Can pullets crow?

twinklemama

In the Brooder
8 Years
Nov 21, 2011
47
0
34
I just got a new batch of chickens this Spring 10 are Easter Eggers and the other 24 are Cinnamon Queen (brown layers). They arrived March 11th so they are just a few days short of 8 weeks. I went to open the coop this morning and to my surprise I hear 1 of the chickens crow!!! So I guess my question is, do pullets sometimes crow? It happened twice and stopped. I can't tell which one it is as of yet and I don't see any features that make me think rooster, though I know there is a fail rate on sexing chickens. I think it may be an Easter Egger but their colors are so varied I don't have what to look for. We are not set up for roosters here yet and if 1 is a rooster I want to get him out and away from my mature hens.
 

Ol Grey Mare

One egg shy of a full carton. .....
7 Years
Mar 9, 2014
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I just got a new batch of chickens this Spring 10 are Easter Eggers and the other 24 are Cinnamon Queen (brown layers). They arrived March 11th so they are just a few days short of 8 weeks. I went to open the coop this morning and to my surprise I hear 1 of the chickens crow!!! So I guess my question is, do pullets sometimes crow? It happened twice and stopped. I can't tell which one it is as of yet and I don't see any features that make me think rooster, though I know there is a fail rate on sexing chickens. I think it may be an Easter Egger but their colors are so varied I don't have what to look for. We are not set up for roosters here yet and if 1 is a rooster I want to get him out and away from my mature hens.

The short answer is - no - pullets/young females do not crow. *some* female chickens will crow, but these are older, mature hens who usually have hormonal imbalances at play. A bird who is crowing at 8 weeks is a male bird.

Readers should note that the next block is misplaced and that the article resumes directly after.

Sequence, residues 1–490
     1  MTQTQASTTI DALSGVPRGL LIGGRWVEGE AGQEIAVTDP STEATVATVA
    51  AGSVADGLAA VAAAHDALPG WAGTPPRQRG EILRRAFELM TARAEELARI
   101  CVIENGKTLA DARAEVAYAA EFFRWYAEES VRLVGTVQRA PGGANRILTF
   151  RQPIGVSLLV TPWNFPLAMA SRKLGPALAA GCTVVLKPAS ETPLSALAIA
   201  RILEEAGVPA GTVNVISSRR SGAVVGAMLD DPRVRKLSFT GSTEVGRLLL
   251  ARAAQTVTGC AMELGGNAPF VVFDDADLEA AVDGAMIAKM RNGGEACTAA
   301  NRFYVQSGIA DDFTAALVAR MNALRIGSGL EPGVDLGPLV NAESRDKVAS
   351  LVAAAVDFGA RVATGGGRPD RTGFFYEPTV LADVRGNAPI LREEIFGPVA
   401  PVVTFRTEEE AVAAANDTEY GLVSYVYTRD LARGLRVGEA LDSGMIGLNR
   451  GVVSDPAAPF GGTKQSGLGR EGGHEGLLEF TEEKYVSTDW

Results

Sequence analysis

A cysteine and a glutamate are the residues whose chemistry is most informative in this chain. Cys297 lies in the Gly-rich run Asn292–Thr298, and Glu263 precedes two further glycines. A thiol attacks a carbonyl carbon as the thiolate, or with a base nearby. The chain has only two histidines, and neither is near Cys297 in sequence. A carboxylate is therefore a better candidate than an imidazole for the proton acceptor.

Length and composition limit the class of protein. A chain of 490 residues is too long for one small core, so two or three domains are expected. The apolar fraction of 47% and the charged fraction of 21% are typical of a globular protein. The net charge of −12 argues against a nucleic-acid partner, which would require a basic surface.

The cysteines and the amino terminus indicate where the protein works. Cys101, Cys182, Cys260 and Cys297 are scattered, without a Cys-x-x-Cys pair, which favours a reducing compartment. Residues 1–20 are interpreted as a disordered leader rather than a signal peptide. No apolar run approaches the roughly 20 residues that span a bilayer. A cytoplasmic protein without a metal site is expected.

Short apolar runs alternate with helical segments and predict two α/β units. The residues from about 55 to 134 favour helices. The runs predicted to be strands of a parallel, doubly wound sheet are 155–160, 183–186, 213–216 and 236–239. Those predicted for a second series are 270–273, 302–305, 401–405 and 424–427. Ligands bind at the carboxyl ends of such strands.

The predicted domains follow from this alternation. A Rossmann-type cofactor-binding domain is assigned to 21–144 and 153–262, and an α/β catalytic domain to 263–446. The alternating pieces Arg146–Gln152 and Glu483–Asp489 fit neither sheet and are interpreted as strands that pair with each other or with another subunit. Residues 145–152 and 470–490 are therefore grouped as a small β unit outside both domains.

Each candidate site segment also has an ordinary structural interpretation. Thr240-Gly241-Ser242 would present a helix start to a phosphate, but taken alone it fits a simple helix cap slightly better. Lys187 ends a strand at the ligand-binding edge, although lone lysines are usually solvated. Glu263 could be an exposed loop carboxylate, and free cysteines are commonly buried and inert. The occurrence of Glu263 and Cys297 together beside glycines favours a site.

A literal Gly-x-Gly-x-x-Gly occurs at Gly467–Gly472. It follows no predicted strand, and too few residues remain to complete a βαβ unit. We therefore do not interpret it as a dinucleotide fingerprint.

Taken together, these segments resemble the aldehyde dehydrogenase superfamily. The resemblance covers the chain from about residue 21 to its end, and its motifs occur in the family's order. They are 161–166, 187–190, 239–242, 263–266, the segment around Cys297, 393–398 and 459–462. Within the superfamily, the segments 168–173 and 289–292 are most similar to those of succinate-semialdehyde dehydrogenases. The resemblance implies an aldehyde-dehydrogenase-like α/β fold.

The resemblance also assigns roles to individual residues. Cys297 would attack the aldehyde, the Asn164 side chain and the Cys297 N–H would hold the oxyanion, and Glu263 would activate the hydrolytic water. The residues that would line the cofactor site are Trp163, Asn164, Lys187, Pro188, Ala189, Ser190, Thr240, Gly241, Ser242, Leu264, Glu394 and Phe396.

If you post photos of the birds we can help you spot the culprit.
 

junebuggena

Crowing
Apr 17, 2015
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Long Beach, WA
A good way to spot a young rooster is to look at the comb. Any bird under 10 weeks old with a bright pink/red comb is a rooster. Color of the comb is more important than the size of the comb.
 

Ol Grey Mare

One egg shy of a full carton. .....
7 Years
Mar 9, 2014
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If they are pea combed EE a quick method is to look at the number of rows the comb is showing - 3 distinct rows = male. There are also some generally pullet/generally cockerel color patterns that occur in EE (ie brick red patchy coloration on the shoulders = male).
 

twinklemama

In the Brooder
8 Years
Nov 21, 2011
47
0
34
Pretty sure this is it. Only 1 with a reddened or developed comb. I can get a better pic if needed.
 

twinklemama

In the Brooder
8 Years
Nov 21, 2011
47
0
34
A good way to spot a young rooster is to look at the comb. Any bird under 10 weeks old with a bright pink/red comb is a rooster. Color of the comb is more important than the size of the comb.
400

pretty positive this is the culprit, only 1 with a developed comb. I can get a better pic if needed.
1000
 
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twinklemama

In the Brooder
8 Years
Nov 21, 2011
47
0
34
He is the ONLY 1 that shows a comb that is anything but yellow still. A little sad but thunking I can find a home for him so I can still use him for breeding when I want.
 

Ol Grey Mare

One egg shy of a full carton. .....
7 Years
Mar 9, 2014
20,622
15,066
821
Oregon
My Coop
My Coop
He is the ONLY 1 that shows a comb that is anything but yellow still. A little sad but thunking I can find a home for him so I can still use him for breeding when I want.

I would be hesitant to try to arrange such a system with his new home - because whether you are thinking you could take hens to him or bring him to your hens at those times there are some serious bio-security concerns even if the other party is someone you know well, trust and have similar husbandry practices. There are risks to both flocks as diseases can be easily carried back and forth and you could end up having a disastrous outcome for you and the person that you have given the roo to.
Also you would have the issue of the fact that any hatches you have would likely produce more cockerels that you can't/don't want to keep - what would be your plan for those birds?
 
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